changing the starter - from dry to wet

Hi,

I've been making sourdough using a drier style starter and following Richard Bertinet's french style method, which involves creating a wet dough and kneading it BEFORE any proofing etc. This method works well but seems to me to be pretty labour intensive.

I am looking for advice on changing the starter from dry (it's like a stiff, honeycombed dough) to wet. Do I just add more water?! Could it really be that simple?

Then, if I can adapt my starter, I want to have a go at making sourdough bread (a basic brown loaf), using the wet starter to create a 'sponge' or wet dough, leaving this overnight etc, before adding more four and kneading etc. No doubt such a method is already detailed somewhere on this site - perhaps someone could point me in the right direction.

Cheers,

Ruth

12 comments

hi ruth!  have you checked out the beginners blog?  There's a link on the home page and heaps of info there about starters...


Hi Ruth, there are heaps af idiosyncratic sourdough techniques, and you are right,lots of it is just timewasting hype. You can make exceptional s/d bread making a straight dough from your ripe leaven.What lots of these bakers dont do,is objectively assess their breads from an organoleptic,rather than technical criteria....and other bakers dont eat your bread,customers or you do,so it doesnt matter if other bakers think its not architecturally perfect, what really matters is its edibility! Just add more water to your semi-solid starter,though it should be thicker than thinner, and when it is really active, use it at about 40% of the flour weight and make a straight dough with it,water and salt. Give it proof (which varies in length dep if its wholemeal or white) and then tin or basket it for a final proof.Its that simple really. Try it, and then you can refine that procedure to suit your circumstances or religion.Hope it helps.......John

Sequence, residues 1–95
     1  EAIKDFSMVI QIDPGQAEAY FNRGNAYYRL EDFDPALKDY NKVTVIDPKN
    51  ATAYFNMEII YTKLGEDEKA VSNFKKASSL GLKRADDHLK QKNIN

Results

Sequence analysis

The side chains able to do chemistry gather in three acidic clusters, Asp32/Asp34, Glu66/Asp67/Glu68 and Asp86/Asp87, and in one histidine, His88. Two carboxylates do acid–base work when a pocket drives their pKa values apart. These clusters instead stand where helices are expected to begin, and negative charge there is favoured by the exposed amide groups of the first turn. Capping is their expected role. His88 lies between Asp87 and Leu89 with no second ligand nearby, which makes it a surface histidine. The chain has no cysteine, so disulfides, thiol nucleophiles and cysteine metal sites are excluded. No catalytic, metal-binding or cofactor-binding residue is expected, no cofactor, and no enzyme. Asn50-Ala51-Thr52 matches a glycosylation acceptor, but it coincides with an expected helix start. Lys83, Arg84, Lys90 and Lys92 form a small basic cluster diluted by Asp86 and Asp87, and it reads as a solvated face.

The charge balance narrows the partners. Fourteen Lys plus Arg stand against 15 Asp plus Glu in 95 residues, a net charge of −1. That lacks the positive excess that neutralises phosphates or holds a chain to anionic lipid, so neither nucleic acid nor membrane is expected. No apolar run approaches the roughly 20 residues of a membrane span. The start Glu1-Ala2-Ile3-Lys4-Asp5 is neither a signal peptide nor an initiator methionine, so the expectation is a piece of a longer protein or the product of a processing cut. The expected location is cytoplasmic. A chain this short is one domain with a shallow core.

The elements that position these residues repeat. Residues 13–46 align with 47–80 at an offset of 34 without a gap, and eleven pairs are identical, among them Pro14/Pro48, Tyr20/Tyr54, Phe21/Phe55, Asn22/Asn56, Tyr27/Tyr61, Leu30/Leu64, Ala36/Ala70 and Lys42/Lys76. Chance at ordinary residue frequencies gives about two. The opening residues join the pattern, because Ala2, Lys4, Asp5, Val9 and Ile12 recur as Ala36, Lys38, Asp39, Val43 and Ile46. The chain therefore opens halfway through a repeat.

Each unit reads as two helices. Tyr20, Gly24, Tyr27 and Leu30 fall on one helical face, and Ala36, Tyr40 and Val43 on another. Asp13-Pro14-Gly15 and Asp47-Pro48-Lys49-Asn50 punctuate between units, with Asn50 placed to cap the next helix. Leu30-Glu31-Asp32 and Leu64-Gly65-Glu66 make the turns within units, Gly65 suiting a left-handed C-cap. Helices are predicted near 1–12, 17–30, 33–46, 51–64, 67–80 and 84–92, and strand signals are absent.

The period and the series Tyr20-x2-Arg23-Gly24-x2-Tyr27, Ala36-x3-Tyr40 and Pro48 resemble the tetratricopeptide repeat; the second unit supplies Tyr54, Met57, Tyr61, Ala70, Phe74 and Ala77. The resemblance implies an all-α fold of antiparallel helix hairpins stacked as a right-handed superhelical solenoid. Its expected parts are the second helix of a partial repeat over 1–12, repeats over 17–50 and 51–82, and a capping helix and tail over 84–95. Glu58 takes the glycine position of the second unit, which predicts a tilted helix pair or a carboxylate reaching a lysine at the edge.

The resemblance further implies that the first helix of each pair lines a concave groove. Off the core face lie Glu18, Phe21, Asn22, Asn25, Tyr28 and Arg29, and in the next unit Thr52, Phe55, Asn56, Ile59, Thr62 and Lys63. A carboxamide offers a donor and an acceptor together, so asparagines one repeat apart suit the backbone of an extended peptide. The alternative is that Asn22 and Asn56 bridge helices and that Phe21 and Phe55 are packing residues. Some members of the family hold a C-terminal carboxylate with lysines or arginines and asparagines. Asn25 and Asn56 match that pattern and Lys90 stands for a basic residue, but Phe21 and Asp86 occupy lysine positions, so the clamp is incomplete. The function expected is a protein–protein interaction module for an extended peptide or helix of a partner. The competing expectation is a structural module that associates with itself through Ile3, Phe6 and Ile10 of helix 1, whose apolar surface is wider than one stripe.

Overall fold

[quote=JohnD]Hi Ruth, there are heaps af idiosyncratic sourdough techniques, and you are right,lots of it is just timewasting hype. You can make exceptional s/d bread making a straight dough from your ripe leaven.What lots of these bakers dont do,is objectively assess their breads from an organoleptic,rather than technical criteria....and other bakers dont eat your bread,customers or you do,so it doesnt matter if other bakers think its not architecturally perfect, what really matters is its edibility! [/quote]

John, great advice for Ruth; I couldn't agree more with your post!

The only exception is that although 'good food' should be as you say "edible", and we agree on that criteria, I also believe food should be visually pleasing, have an 'aesthetic' character. Of course, this criteria is subjective; in all societies aesthetic tastes develope, evolve, or morph into many variations in any decade influenced by the "zeitgeist". Although not strictly essential it is still important to us all.

Right on, well said Boris,i remember wanting to hurl loaves at the wall because they werent as i wanted,and being restrained from doing so,and hearing a customer say that she loved the appearance of the particular loaves as they were "so rustic",while i foamed at the mouth in the background. Im reacting to the fact that bread was never tasted as a criteria in Australian bread shows,until we pressured the Sydney easter show to do it in 96,and the judges were horrified how bad the perfect looking,technically excellent breads tasted.